Academic journal article Nineteenth-Century Prose

"Rising from the Stain on a Painter's Palette": George Catlin's Picturesque and the Legibility of Seminole Removal

Academic journal article Nineteenth-Century Prose

"Rising from the Stain on a Painter's Palette": George Catlin's Picturesque and the Legibility of Seminole Removal

Article excerpt

This article analyzes Catlin's picturesque aesthetic as a means of rationalizing Seminole removal from Florida. Published in 1841, Catlin's two-volume Letters and Notes on the Manners, Customs, and Conditions of North American Indians amassed fifty-eight letters and over 300 paintings collected during "Eight Years' Travel amongst the Wildest Tribes of Indians in North America." Contemporaneous to Catlin's travel, federal troops and local militia enforced the Indian Removal Act of 1830. It is not by chance that the two volumes are prefaced by maps--one before and one after the removals of Indian peoples west of the Mississippi to Indian Territory. Today, Catlin's sympathetic rendering of Osceola and other Seminoles are most instructive in demonstrating both the imperial frame of national American exceptionalism as well as the picturesque balance of interdependent North, South, and West regionalisms on which the imagining of national Union relied in the years before the Civil War.

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George Catlin's Letters and Notes on the Manners, Customs, and Conditions of the North American Indians, Written during Eight Years' Travel (1832-39) amongst the Wildest Tribes of Indians in North America (1841) demonstrates that the idea of the picturesque not only varies historically but teases the very dimensions of space, place, and historical time on which national identifications depend. In the following essay, I focus on Catlin's portrait of Osceola and other Seminole Indians to understand the relationship between Catlin's picturesque and federal policies of Indian Removal. Catlin's ekphrastic restlessness is perhaps most instructive in its failure to stabilize a national vision--a failure that enables apprehension of both the imperial frame of national American exceptionalism as well as the fragile balance of interdependent North, South, and West regionalisms on which the imagining of national Union relied in the decades before the Civil War.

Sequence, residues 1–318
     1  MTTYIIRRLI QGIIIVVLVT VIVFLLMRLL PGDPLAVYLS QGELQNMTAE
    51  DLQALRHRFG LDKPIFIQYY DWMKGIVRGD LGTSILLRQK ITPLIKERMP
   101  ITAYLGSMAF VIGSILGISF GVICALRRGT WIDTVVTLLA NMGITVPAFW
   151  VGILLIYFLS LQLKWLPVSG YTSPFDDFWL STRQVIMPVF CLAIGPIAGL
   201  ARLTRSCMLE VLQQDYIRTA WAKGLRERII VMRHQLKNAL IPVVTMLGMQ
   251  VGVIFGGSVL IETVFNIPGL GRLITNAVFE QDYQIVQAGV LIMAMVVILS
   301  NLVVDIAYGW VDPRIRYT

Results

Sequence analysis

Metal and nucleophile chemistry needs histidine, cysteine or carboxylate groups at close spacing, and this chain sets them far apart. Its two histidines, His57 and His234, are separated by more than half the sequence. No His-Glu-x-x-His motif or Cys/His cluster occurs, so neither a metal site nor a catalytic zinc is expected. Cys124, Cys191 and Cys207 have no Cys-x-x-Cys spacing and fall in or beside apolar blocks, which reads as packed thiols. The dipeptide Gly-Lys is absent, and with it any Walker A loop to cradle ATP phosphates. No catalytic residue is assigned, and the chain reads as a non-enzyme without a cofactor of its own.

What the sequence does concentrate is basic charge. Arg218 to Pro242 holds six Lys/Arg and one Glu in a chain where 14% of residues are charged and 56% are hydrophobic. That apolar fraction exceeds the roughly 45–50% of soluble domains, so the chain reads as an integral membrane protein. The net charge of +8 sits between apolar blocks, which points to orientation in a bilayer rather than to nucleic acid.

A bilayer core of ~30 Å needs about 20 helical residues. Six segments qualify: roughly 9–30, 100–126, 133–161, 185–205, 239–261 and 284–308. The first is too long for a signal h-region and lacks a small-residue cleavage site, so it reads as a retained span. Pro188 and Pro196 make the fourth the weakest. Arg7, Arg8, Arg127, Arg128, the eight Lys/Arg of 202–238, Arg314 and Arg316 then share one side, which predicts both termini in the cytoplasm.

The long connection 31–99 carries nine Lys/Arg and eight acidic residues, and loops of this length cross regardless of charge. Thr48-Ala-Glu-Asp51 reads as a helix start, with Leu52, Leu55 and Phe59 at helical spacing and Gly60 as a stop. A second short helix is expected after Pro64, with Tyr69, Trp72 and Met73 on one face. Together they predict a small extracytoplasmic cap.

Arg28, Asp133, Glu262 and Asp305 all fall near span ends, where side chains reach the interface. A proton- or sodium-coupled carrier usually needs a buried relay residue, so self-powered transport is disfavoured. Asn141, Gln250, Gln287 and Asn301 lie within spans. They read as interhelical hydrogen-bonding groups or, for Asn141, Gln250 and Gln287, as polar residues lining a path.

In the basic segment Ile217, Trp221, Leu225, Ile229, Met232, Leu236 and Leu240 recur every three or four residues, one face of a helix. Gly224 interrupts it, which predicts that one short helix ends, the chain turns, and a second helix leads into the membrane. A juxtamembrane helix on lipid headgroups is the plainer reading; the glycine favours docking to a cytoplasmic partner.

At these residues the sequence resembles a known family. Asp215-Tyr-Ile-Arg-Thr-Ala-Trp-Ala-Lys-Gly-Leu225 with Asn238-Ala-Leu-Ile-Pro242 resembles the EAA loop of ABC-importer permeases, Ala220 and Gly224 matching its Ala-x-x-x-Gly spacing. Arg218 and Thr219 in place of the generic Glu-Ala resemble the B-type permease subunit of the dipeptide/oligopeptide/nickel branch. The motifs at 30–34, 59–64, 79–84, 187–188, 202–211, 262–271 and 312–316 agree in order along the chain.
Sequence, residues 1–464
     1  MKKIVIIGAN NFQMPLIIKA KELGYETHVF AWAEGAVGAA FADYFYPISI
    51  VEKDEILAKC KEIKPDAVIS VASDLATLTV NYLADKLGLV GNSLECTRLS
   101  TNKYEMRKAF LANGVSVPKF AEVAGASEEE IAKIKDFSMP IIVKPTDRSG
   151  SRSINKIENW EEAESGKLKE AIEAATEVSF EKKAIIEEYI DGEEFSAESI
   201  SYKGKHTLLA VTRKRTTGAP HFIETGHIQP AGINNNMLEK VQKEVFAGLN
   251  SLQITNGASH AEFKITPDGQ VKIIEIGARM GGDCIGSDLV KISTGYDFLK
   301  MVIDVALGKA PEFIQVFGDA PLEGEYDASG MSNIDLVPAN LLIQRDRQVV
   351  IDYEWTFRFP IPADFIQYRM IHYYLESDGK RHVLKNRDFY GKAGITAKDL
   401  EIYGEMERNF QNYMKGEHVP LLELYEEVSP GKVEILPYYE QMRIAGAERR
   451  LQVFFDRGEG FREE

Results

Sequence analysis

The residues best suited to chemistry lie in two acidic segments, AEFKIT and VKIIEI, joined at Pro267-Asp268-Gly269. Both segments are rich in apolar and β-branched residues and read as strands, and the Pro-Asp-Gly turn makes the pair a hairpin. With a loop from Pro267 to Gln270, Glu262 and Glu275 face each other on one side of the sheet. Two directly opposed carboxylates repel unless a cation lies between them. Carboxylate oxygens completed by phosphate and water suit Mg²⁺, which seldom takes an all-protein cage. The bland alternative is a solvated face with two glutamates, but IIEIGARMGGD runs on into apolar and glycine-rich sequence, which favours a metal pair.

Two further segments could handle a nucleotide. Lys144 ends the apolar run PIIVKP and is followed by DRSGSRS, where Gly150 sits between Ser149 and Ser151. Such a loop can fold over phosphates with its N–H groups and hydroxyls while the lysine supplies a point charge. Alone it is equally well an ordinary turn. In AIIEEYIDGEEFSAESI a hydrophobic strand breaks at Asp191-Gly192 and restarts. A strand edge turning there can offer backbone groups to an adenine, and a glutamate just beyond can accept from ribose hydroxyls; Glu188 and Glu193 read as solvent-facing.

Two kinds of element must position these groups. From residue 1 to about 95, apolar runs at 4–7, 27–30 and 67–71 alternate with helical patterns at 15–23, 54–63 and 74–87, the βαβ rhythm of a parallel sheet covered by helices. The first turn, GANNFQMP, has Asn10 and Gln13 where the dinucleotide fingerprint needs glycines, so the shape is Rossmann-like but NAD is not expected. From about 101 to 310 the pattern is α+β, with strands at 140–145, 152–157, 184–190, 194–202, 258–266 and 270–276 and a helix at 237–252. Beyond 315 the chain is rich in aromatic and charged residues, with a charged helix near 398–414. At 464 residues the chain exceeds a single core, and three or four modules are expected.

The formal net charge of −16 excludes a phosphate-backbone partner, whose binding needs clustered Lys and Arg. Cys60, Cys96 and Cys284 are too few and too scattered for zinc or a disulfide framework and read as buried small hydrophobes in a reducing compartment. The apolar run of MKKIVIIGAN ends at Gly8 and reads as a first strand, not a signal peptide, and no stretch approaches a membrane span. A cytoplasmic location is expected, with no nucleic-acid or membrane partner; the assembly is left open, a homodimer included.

An author, artist, proto-anthropologist, and enterprising showman, Catlin was born 1796 in Wilkes Barres, Pennsylvania. He trained to be a lawyer but his love of art and rustic exertion emboldened his desire to pursue painting. He frustrated his family's expectations by quitting the legal profession and moving to Philadelphia in 1821 to become a portrait artist. His early career was moderately successful if personally unsatisfying, including portraits of Timothy Pickering, New York Governor DeWitt Clinton, a standing portrait of General William Clark (1830), and the ambitious if awkward Virginia Constitutional Convention (1830). As Brian Dippie notes in Catlin and His Contemporaries: The Politics of Patronage (1990), "Catlin had shown no special interest in Indian subjects" (11) until around 1828 when, according to Catlin, "a delegation of some ten or fifteen noble and dignified-looking Indians, from the wilds of the Far West, suddenly arrived in [Philadelphia], arrayed and equipped in all their classic beauty,--with shield and helmet,--with tunic and manteau,--tinted and tasseled off, exactly for the painter's pallet" (1:2). In 1830, Catlin catapulted out of his professional malaise, heading West to confer with General William Clark in St. Louis and to cultivate an aesthetic investment in frontier painting with which he hoped to distinguish himself as an artist.

Throughout his career, Catlin hoped for governmental funding that never materialized. He financed his travels through "the West" with money generated from portraiture and his many frontier letters published and republished throughout the 1830s in newspapers such as the Commercial Advertiser in New York, the Daily Gazette in Cincinnati, the Missouri Republican in St. Louis, and many others (see Dippie 531). During his travels, he collected thousands of artifacts to compose his "Gallery unique, for the use and instruction of future ages" (1:3; original emphasis). By 1839, having often rendered six pictures a day at a "difficult (almost cruel rate)" for his health (2:217; original emphasis), Catlin estimated a collection of:

   310 portraits in oil . … 
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